Maria Sharapova Ankle Injury
January 23, 2012 by staff
Maria Sharapova Ankle Injury, The ladies have been quiet through the first week of this Australian Open, content for the most part to mow down their opposition as local heroes Bernard Tomic and Lleyton Hewitt grabbed all the headlines.
That changed Sunday, when Li Na of China and Kim Clijsters of Belgium met on Rod Laver Arena in a round-of-16 clash that was a rematch of last year’s championship final.
The defending champion Clijsters had played little in 2011 because of injury, causing her ranking to fall to No. 14. The result was a meeting that happened earlier in the tournament than it could have or should have, and resulted in a dramatic 4-6, 7-6 (6), 6-4 victory for Clijsters that put her into the quarter-finals against No. 1 seed Caroline Wozniacki.
The tennis was impressive at times. The drama – as it can sometimes be on the women’s side – was world-class.
Clijsters twisted her ankle in the first set, at 3-3, 30-all – a recurring theme before and through this Australian Open.
Former champion and No. 4 seed Maria Sharapova has barely played as she continues to heal an ankle sprain suffered last September, Serena Williams rolled her ankle during a warm-up tournament, and Anabel Medina Garrigues of Spain, Li’s third-round opponent, was forced to retire after she rolled her ankle.
Clijsters took some Advil and, in what she says is her final Australian Open, decided to try to carry on.
“(Retiring) definitely crossed my mind at some point, but I knew if I could just try to kind of let the medication sink in or, you know, if I could get through the first 20 minutes, half-hour, I think the pain would go away a little bit and then maybe with the adrenalin I could just fly through it,” Clijsters said. “I’m happy that I didn’t give up.”
Her movement visibly restricted, Clijsters turned to a more aggressive tactical plan. Still, Li led 6-2 in the second set tiebreak, with four match points to work with. That should be enough for anyone. But improbably, Li lost them all, the last one on a panic shot selection by Clijsters at 6-5 – a “let’s-get-this-over-with” drop-shot attempt that somehow came good.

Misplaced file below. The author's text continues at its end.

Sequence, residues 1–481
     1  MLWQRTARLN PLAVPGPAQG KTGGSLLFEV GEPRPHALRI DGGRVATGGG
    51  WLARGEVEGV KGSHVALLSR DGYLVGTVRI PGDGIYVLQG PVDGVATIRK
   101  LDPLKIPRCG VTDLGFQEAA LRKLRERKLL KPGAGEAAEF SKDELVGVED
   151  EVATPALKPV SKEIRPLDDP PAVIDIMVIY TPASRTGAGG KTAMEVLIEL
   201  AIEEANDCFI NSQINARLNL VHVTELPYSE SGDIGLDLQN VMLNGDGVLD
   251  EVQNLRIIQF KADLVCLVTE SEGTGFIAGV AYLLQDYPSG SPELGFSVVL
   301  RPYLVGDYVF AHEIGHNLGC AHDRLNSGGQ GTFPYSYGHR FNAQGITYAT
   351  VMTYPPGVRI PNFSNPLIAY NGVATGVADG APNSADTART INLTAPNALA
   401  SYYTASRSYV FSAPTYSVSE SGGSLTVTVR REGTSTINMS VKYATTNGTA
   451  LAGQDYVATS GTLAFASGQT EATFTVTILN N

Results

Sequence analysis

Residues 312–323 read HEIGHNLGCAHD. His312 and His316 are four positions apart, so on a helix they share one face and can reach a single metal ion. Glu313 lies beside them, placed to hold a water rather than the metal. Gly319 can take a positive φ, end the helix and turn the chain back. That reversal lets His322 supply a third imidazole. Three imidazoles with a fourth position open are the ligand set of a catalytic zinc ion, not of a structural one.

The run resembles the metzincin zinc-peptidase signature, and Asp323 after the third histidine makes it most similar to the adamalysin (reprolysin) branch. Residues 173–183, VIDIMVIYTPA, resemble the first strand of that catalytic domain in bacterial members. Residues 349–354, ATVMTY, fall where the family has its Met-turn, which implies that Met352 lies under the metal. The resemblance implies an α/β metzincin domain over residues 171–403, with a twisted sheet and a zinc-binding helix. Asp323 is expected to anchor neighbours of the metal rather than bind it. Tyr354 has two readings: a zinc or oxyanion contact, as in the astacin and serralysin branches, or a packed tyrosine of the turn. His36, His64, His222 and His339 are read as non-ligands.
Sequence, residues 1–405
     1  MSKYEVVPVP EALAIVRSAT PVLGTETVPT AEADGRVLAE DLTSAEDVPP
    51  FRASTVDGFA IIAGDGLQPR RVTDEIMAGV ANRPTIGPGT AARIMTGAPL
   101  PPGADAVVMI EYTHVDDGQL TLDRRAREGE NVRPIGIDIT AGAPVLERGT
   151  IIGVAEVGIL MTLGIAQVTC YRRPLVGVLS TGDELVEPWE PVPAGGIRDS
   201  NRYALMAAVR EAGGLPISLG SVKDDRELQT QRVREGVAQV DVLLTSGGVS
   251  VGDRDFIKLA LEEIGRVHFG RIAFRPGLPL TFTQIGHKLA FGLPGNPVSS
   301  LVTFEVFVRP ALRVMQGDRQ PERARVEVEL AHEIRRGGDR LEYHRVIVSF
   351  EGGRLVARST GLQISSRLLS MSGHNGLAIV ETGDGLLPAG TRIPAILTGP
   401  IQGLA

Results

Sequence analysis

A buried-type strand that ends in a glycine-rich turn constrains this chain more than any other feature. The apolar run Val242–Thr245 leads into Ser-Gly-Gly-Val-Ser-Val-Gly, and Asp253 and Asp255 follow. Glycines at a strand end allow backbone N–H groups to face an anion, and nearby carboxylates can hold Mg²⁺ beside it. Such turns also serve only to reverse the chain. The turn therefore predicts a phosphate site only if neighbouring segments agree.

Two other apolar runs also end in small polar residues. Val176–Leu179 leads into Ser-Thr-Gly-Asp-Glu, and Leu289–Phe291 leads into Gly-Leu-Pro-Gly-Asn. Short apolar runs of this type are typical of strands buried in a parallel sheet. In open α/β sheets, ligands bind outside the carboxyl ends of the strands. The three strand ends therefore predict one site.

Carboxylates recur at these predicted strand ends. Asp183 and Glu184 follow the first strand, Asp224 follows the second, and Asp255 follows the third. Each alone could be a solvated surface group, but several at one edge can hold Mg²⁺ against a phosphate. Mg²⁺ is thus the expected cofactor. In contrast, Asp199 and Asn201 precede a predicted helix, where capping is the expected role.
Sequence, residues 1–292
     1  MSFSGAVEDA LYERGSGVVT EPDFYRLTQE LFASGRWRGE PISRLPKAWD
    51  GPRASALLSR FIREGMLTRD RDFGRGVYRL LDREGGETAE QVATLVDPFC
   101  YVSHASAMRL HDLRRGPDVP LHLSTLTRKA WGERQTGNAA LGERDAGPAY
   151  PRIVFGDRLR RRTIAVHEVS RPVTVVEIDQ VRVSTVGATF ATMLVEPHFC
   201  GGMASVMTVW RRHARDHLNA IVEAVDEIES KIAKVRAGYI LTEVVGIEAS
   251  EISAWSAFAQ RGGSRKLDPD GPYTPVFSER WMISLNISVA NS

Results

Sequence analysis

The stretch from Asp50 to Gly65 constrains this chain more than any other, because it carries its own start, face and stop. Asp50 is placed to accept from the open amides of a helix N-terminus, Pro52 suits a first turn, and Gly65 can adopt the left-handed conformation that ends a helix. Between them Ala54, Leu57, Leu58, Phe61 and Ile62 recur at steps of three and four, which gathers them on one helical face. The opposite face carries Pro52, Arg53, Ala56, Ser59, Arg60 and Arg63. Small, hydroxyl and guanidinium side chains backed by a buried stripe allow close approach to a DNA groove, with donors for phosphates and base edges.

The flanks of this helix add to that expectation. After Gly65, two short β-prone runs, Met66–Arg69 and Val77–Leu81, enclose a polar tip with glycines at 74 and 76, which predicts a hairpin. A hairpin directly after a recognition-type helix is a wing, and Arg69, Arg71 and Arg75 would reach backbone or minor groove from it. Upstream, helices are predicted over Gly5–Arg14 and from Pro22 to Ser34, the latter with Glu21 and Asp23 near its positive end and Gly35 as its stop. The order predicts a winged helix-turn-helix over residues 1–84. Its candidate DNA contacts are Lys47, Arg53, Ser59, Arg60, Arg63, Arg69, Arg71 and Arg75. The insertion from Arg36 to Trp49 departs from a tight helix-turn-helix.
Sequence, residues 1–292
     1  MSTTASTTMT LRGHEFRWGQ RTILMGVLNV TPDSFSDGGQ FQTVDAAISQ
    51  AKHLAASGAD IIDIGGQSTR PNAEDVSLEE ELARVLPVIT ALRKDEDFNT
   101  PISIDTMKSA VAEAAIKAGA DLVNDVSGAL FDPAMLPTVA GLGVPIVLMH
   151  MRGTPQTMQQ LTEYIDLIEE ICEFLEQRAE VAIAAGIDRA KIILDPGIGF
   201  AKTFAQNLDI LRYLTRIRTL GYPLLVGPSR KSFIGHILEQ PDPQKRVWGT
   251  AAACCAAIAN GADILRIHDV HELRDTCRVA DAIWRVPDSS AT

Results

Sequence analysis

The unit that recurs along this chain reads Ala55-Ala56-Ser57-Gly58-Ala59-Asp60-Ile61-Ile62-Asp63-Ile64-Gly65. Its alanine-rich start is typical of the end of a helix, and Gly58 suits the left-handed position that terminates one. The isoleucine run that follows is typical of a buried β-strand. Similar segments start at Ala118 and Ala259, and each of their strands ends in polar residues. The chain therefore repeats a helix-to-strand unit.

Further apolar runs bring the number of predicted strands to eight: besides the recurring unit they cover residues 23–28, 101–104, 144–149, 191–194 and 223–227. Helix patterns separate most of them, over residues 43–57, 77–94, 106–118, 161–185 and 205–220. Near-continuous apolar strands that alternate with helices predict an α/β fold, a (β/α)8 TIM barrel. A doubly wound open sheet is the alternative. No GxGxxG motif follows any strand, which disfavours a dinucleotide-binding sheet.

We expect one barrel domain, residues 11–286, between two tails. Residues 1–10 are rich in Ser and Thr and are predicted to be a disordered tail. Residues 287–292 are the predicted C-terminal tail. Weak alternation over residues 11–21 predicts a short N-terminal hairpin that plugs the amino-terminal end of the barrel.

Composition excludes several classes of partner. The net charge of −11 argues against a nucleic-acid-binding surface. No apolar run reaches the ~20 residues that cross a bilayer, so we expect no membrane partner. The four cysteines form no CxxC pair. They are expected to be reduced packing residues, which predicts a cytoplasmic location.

“You know, I’m not saying that forehand drop shot was a good choice, but, you know, you make decisions. Luckily, that one turned out OK,” Clijsters said.
Shattered at the missed opportunity, Li disappeared. Coach and husband Jiang Shan was urging her on from the stands, causing his wife to be called for a coaching violation.
Despite Li’s last-minute attempt to crawl her way back, Clijsters somehow – she’s not sure how – managed to win.
Yes, she was nervous, but so was her opponent.
“That’s just normal. I’m not special,” Li said, uncharacteristically unable to find a quip or a joke to lighten her rather sombre mood.
Clijsters will meet Wozniacki, who came into the tournament with questions surrounding her left wrist, but who had done a good job getting to her meeting with the former No. 1, Jelena Jankovic.
The intrigue there was that Jankovic’s longtime coach Ricardo Sanchez is now in the Wozniacki camp, even if it has seemed at times that he’s little more than a highly qualified ball retriever as Wozniacki’s father Piotr still calls the shots on the practice court.
Jankovic had won the first four matches of their rivalry, Wozniacki the last three. But they have much in common, including the dubious distinction of holding the No. 1 ranking without the benefit of having won a Grand Slam tournament.
Earlier in the week, Jankovic had defended Wozniacki, saying people really needed to cut her a little slack. The 21-year-old Dane failed to return the courtesy early in her 6-0, 7-5 victory. She weathered a last-ditch effort by Jankovic, who was down 4-1 in the second set.
The two other quarterfinalists in the top of the half draw also are set, as No. 3 seed Victoria Azarenka of Belarus and No. 8 Agnieszka Radwanska of Poland made short work of their opponents Sunday.
Azarenka surrendered only four games to unseeded lefty Iveta Benesova of the Czech Republic; Radwanska was even more clinical, dispatching No. 22 seed Julia Goerges of Germany 6-1, 6-1.
But the heavyweights in the women’s event are in the bottom half, which is in action Monday: Serena Williams, Wimbledon champion Petra Kvitova and the surprising Sharapova.
Sharapova had surrendered only five games through her first three rounds as she meets No. 14 seed Sabine Lisicki on Monday night. Williams plays Russian lefty Ekaterina Makarova in the afternoon.
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